“We go by the acronym of FADO, which basically means we receive complaints alleging force, abuse of authority, discourtesy, or use of offensive language by police,” Jones explains.
The most satisfying outcome happens when the citizen filing a complaint meets directly with the officer they interacted with. Jones describes it as a voluntary, non-disciplinary process for both the officer and civilian.
“When officers talk with the people who have made allegations against them, it decreases the chances of that officer behaving in that same way again,” Jones said. “It also gives the gives the civilian an opportunity to talk to the officer on a level playing field, or in a neutral setting, off of the street.”
Jones finds that some people who do not wish to speak to the officer again. In these cases, her job is to interview the complainants about the incident. It’s a taxing process, she says, because many clients suffer from mental illness, have previously had negatives experiences with police, or have been previously convicted of other crimes.
“It’s a highly intense and emotional process. As an investigator, it’s my job to listen first but to also ascertain the facts,” Jones says.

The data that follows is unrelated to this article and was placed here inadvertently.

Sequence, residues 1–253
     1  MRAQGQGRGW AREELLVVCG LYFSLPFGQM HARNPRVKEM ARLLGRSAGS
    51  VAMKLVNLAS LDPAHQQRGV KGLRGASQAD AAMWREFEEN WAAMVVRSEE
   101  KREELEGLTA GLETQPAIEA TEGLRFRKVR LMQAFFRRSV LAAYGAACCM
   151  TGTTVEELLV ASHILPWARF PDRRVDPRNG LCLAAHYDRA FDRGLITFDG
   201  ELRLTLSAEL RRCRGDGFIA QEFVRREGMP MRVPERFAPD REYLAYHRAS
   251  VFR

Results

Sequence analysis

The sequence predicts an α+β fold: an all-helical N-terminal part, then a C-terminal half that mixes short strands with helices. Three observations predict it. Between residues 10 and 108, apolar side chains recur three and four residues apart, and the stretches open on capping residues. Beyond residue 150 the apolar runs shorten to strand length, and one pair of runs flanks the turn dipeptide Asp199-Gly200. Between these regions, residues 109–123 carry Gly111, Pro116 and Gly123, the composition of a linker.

The job requires an understanding of the NYPD Patrol Guide and the Fourth Amendment, interviewing and mediation skills, and lots of research. Jones assembles evidence from documents, 911 calls, footage from police body cams, and other testimony. She interviews the officer involved, then writes a closing report with her recommendation and send it to CCRB.
Jones credits Ellie Miller with opening her eyes to injustice in American society and giving her the fortitude to make a positive difference. Long-term, she is considering graduate school –perhaps law school. For now she’s settling into her new position at the CCRB.
“The issue of policing has become the center of my life right now,” Jones says. “I’m reading Michael Bennet’s book What Makes White People Uncomfortable and it is truly extraordinary. I’ve never felt more on the front lines of an issue, and while it is by no means easy, I feel it is really important.”